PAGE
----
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Will the relationship between the United States and Russia be good when Biden is on power?

Will the relationship between the United States and Russia be good when Biden is on power?

Russia and American warships have rubbed again recently. Russia claimed to have expelled a U.S. destroyer that entered Russian territorial waters, while the United States claimed that the ship was sailing in international waters and had not been expelled from the territorial waters of any country.

The recent official withdrawal of the U.S. government from the Open Skies Treaty, while negatively treating the renewal of the New Strategic Arms Reduction Treaty and also has friction with Russia at sea, reflecting the trend of intensification of the military game between the two countries. Russian and American analysts believe that from the standpoint of U.S. President-elect Biden and his team, the future of Russian-American relations, which continues to hover at freezing points, is not optimistic.

Constant friction

The Russian Ministry of Defense announced on the 24th that the USS John McCain entered the waters near Peter the Great Bay in Russian territorial waters on the same day and crossed the Russian territorial waters for “two kilometers”. The Russian anti-submarine destroyer Admiral Vinogradov warned John McCain and said that it might collide with her. John McCain then left Russian territorial waters.

The 7th U.S. Navy’s Seventh Fleet said in a statement on the 24th that John McCain was conducting “operation free navigation” in international waters and was not expelled from the territorial waters of any country. According to the U.S. media, this U.S. Navy’s operation in Peter the Great Bay is very rare.

Admiral Kravchenko, the former Chief of General Staff of the Russian Navy, believes that John McCain is obviously carrying out reconnaissance activities. Sivkov, president of the Russian Institute of Geopolitical Issues, said that John McCain may try to induce Russia to target her in order to spy on the operation of the Russian ship.

The Russian and American armies have been in constant friction in recent years. Military vehicles of the two sides collided in northeast Syria in August this year, injuring four American personnel. In December 2018, the USS McC Campbell sailed into the waters near the Gulf of Peter the Great, which Russia called “provoking and demonstrational”.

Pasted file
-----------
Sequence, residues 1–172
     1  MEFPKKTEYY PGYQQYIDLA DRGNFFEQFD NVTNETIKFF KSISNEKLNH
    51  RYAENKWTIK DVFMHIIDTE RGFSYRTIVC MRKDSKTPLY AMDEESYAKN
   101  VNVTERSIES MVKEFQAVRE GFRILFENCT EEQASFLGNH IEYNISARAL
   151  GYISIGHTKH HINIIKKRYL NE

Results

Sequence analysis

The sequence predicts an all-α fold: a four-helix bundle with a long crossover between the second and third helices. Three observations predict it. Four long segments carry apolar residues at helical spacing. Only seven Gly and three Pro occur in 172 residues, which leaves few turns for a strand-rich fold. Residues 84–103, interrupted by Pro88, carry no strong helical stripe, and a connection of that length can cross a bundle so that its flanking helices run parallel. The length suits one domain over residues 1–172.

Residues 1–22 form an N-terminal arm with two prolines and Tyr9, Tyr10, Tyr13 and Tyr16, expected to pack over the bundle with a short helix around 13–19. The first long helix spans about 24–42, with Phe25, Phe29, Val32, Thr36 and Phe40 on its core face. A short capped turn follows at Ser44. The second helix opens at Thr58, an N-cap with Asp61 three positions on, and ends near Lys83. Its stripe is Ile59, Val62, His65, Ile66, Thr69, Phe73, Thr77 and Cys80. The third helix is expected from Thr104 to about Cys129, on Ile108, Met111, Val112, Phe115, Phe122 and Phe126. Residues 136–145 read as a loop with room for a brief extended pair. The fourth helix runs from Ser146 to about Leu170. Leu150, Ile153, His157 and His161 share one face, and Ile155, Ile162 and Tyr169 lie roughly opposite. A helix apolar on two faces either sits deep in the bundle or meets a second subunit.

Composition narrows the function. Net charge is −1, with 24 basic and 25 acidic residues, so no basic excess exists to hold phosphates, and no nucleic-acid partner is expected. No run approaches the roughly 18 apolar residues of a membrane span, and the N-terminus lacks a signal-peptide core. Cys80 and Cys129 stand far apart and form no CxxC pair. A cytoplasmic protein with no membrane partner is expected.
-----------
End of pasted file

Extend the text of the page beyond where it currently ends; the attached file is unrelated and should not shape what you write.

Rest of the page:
Photo: On July 16, 2018, US President Trump (left) and Russian President Putin met in Helsinki, the capital of Finland. ( Photo by Haiji Shokoma, Xinhua News Agency)

Historic low

Military friction reflects the tense relationship between Russia and the United States. Relations between the two countries have been deadlocked since US President Trump came to power. According to Russian officials, the current Russian-American relations are at an all-time low, and the high-level dialogue between the two sides has in fact been interrupted.

Koltunov, director of the think tank Russian Council for International Affairs, said that Trump’s promise to repair relations between the two countries has never been fulfilled, and the four years since 2016 have been the four years since the sharp deterioration of Russian-US relations.

Just on the 22nd of this month, the U.S. government announced its official withdrawal from the Open Skies Treaty, which is signed by the United States, Russia and most NATO countries. Since the 1970s, the arms control treaty has been the core pillar of the relationship between the United States and the Soviet Union and the United States and Russia, and the Open Sky Treaty is a success story of “cooperative monitoring” in the field of arms control. The withdrawal of the United States from the treaty is seen as another blow to the already fragile relationship between the United States and Russia.

Photo: This is US President Trump (right) and Russian President Putin participating in the G20 summit in Osaka, Japan, on June 28, 2019. Xinhua News Agency/American League)

As the U.S. government is about to change its term, analysts from the United States and Russia expect that the relationship between the two countries will remain difficult to improve in the future. U.S. analysts generally believe that President-elect Biden will take a tough stance on Russia after taking office, and tensions between the two countries will continue. Biden himself said in an interview with CBS in October that Russia’s destruction of the U.S. security and alliance system is the “greatest threat” to the United States at present.

Anthony Broncoln, Biden’s announced Secretary of State, has repeatedly criticized Trump’s “too weak” against Putin and advocated a tough stance against Russia, while Jack Sullivan, Biden’s announced assistant to the President’s national security affairs, has supported the supply of anti-tank missiles to Ukraine in response to Russia during the Ukrainian crisis. Rose.

Russian officials and scholars are not generally optimistic about the trend of Russian-US relations after Biden took office. Slutsky, chairman of the International Affairs Committee of the Russian State Duma (Lower House of Parliament), believes that Russia-US relations will not improve after Biden takes office, because it will be those who have served in the Obama administration who regard Russia as the enemy of the United States to determine U.S. foreign policy at that time.

Former Russian Foreign Minister Ivanov said that there are many people in Russia who worry that Biden may take a tougher stand against Russia and expand the now-strict sanctions against Russia.

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